team affiliation across leagues/farm systems?
Trying to better familiarize myself with the structure of some of the European hockey leagues, and I have a question about the league setup in Germany.
Basically I know that there's the DEL on top, the 2nd Bundesliga as the tier II team, and the Oberliga as the tier III team. I also know that there's a promotion/relegation system, or at least there is for the Oberliga/Bundesliga, and there should be for Bundesliga/DEL movement if not for some issues regarding the # of allowable foreigners on the roster.
But my question is how youth development and organizational depth is handled Basically, to draw a comparison to north america, do teams across the leagues form NHL/AHL/ECHL style "farm system" relationships where players can be moved up or down across leagues in order to get more time to develop or play more minutes against similarly skilled competition? Obviously teams moving up and down between leagues would make this more complicated, but when I look at several German-trained players, they seem to move up and down the leagues even within seasons, as you would expect in an NHL/AHL kind of setup.
For example, in the two years prior to being drafted, Christian Ehrhoff played for both Krefeld and Duisburg in the Oberliga. Would that imply that there was a working relationship between those teams? or do clubs just loan out players to other league teams wherever there's space?
Sorry for the kind of complicated question. Any help would be appreciated.
In the past there has been a more strict farm system in place, where changes between clubs where very simple.
Today, tight affiliations are the exception. Probably the closest thing to a NHL/AHl-like system is Adler Mannheim (DEL) and Heilbronner Falken (2nd tier), who have a very firm cooperation since 2004. Another example is Eisbaeren Berlin and Eisloewen Dresden. Sharks' draftee Dominik Bielke has been temporarily moved from Berlin to Dresden within this cooperation to give him sufficient ice-time. Most teams in the three upper tiers have some sort of more or less loose partnerships.
The technical part of the cooperations is handled via a construction called "Förderlizenz", a concept that allows a player younger than 25years to move without major restrictions between the two levels. Players are not being placed on waivers, so no other team can grab a talent for free. After January 31, any player this kind of double playing permit is only allowed to lace up for the lower club if he has previously appeared in at least ten games down on the "farm". In reality, there is not to much movement between the levels, however short term call ups occur.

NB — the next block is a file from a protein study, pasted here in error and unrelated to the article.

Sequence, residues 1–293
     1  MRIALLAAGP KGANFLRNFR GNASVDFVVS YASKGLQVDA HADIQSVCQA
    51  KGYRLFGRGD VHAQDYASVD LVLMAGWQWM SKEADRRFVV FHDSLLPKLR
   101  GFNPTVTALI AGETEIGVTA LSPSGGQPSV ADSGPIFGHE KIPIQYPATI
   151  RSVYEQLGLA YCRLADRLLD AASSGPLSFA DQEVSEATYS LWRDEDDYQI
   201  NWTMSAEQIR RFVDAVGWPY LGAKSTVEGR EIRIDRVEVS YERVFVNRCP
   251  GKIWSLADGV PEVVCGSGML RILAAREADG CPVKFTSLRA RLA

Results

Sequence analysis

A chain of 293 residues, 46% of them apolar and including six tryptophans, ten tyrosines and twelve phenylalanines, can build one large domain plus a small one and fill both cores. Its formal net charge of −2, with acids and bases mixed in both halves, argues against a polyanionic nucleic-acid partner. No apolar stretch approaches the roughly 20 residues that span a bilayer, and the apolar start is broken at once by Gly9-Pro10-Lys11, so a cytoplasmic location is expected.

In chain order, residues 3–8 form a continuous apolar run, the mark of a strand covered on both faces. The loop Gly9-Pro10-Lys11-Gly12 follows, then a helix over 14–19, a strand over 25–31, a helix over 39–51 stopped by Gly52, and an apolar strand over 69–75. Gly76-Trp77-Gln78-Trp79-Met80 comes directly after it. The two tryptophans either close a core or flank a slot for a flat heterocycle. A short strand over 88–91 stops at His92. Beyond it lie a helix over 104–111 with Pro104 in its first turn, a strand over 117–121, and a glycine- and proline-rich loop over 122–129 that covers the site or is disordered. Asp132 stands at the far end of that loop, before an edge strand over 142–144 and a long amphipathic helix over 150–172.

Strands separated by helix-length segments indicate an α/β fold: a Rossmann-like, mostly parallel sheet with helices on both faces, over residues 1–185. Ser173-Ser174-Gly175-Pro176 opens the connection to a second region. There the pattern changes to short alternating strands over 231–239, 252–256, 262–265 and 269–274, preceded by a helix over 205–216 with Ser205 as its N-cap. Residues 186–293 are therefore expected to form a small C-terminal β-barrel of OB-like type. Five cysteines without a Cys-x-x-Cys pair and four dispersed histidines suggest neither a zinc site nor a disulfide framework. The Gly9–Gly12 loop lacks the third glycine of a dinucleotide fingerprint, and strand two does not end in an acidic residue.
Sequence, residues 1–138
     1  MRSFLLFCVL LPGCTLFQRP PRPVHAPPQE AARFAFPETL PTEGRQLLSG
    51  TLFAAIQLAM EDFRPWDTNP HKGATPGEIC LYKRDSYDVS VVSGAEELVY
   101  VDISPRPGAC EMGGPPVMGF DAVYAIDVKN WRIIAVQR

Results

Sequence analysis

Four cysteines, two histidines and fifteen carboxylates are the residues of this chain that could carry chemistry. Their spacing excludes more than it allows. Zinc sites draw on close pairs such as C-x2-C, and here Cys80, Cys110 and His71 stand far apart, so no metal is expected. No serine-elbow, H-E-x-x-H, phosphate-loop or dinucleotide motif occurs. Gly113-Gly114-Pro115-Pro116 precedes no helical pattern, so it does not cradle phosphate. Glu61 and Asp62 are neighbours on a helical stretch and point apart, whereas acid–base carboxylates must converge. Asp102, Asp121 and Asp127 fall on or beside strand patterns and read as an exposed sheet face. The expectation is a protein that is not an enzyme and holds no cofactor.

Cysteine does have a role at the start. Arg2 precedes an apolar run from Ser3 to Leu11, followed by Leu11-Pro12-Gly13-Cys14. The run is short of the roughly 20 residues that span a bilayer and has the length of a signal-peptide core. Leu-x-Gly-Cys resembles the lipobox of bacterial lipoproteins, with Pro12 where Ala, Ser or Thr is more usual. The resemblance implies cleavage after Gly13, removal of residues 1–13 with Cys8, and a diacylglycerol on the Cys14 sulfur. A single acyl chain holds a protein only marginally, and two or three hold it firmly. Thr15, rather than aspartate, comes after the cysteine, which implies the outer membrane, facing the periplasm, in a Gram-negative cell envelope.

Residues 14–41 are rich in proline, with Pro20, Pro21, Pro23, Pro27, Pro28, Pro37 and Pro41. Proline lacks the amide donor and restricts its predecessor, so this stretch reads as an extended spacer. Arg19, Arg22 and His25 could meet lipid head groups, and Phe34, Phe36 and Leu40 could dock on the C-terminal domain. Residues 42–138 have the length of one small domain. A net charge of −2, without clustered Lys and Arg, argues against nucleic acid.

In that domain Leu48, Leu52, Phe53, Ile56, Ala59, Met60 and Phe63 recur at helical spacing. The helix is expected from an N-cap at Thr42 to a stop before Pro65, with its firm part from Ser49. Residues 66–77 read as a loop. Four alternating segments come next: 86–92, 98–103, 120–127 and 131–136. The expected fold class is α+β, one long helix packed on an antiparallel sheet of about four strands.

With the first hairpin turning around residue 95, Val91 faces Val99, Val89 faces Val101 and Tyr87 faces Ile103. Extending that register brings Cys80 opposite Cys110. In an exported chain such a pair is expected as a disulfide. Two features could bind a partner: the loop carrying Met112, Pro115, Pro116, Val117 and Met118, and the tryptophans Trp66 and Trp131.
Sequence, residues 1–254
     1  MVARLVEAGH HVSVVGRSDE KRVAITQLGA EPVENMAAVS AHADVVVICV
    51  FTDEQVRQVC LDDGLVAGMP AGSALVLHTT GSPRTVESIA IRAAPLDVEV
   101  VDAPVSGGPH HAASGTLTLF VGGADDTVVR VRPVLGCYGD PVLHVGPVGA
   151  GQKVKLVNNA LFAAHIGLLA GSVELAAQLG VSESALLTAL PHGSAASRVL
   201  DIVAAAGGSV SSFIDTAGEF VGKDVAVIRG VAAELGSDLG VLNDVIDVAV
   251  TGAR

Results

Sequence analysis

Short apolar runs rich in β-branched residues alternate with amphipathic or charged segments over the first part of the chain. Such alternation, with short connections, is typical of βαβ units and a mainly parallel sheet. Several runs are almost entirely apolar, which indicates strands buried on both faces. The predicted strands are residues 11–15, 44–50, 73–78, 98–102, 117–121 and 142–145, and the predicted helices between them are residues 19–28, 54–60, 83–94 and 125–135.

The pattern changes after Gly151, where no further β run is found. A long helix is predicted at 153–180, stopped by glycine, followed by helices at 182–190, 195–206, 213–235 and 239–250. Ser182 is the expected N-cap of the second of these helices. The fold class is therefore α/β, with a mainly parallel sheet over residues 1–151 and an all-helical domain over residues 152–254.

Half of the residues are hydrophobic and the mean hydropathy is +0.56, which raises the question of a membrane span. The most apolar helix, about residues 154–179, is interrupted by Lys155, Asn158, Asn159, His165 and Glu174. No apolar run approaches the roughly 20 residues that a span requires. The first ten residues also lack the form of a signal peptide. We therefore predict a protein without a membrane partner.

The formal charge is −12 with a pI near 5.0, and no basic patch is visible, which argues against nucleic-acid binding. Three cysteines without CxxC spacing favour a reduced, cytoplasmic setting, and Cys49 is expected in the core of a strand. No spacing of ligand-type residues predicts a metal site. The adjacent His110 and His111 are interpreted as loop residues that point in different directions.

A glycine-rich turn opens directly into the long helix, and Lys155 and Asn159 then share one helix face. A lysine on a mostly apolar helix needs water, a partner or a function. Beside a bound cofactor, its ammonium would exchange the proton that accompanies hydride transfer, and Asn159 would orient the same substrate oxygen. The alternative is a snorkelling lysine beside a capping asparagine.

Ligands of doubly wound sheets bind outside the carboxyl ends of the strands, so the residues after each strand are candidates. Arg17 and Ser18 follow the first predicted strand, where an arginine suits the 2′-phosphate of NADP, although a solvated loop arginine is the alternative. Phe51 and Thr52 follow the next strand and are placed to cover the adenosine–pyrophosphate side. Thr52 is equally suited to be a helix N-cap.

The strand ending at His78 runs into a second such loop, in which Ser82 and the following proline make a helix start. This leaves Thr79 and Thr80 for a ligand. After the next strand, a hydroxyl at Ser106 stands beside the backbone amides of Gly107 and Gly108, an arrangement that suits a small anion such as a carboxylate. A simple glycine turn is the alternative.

The youth development programs within the club organizations are the backbone of the system. Many major clubs ice teams on an national level in all age groups, with the Deutsche Nachwuchsliga DNL (German Prospect League), which cover players up to the age of 18 years. There exists Juniorenbundesliga (Junior League) for the elder prospects, but the most talented youngsters usually move directly from DNL to the pro ranks.
To the promotion system:
They abolished the promotion system between DEL and Bundesliga 4 years ago in order to provide the DEL teams with a secure planning horizon. Despite this, the champion of the Bundesliga had the chance to move up to the DEL, as Wolfsburg (in 2007) and Kassel (in 2008) did. The 2009 champion, Bietigheim-Bissingen, decided to stay in the Bundesliga for financial reasons.
The main problem with this system was, that some teams which fell behind early in the season were lacking a goal, since they didn't have to fear to be sent down to the Bundesliga. As soon as they were way behind the competition, they started selling their best players and the attendance in the arenas went down.
The promotion system between the other leagues is still in place.
To the aspect of farm teams:
There are no farm team system like in North America. Every DEL team (which formally is a company) has to have a cooperation club. Since most DEL teams have been clubs before the corporations were formed, these cooperation clubs are these clubs. Look at Mannheim, for example: the original club, the "Mannheimer Eis- und Rollsportclub e.V." (MERC) was formed in 1938. In 1994 they formed the "Die Adler Mannheim Eishockey Spielbetriebs GmbH + Co. KG" (which is a corporation) to organize the DEL team "Adler Mannheim". The club "MERC" still exists and mainly organizes junior teams. But it works as the cooperation club for the DEL team, too.
This cooperation system is in place to secure the DEL teams interests in junior hockey. But the teams of these cooperation clubs mostly play below third-tier level. So the DEL teams are looking for cooperation partners in the Bundesliga and Oberliga. Most of these partners are corporations as well and work the same way as the DEL clubs, just on a lower level. Usually the teams try to set up a close cooperation, like Mannheim and Heilbronn, but they are usually not connected on a formal or financial level. To get back to your specific example, Ehrhoff played for Krefeld in the DEL and had a "Förderlizenz" for Duisburg who played in the Oberliga at that time and were Krefeld's cooperation partner. But beeing a cooperation partner can't be compared to being a farm team, because it's still a different team which acts autarchically. Duisburg for example made its way up to the DEL itself (before going down to the Regionalliga again this summer).
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